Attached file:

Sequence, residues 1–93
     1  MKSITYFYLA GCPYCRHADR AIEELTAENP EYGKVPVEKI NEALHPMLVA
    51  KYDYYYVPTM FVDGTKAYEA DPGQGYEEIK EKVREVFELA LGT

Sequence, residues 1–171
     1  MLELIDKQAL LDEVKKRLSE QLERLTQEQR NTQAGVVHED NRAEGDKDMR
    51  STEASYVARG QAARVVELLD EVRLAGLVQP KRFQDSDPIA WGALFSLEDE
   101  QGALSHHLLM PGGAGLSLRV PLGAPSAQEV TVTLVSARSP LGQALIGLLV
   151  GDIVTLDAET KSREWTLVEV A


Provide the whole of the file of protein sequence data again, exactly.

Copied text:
Sequence, residues 1–93
     1  MKSITYFYLA GCPYCRHADR AIEELTAENP EYGKVPVEKI NEALHPMLVA
    51  KYDYYYVPTM FVDGTKAYEA DPGQGYEEIK EKVREVFELA LGT

Sequence, residues 1–171
     1  MLELIDKQAL LDEVKKRLSE QLERLTQEQR NTQAGVVHED NRAEGDKDMR
    51  STEASYVARG QAARVVELLD EVRLAGLVQP KRFQDSDPIA WGALFSLEDE
   101  QGALSHHLLM PGGAGLSLRV PLGAPSAQEV TVTLVSARSP LGQALIGLLV
   151  GDIVTLDAET KSREWTLVEV A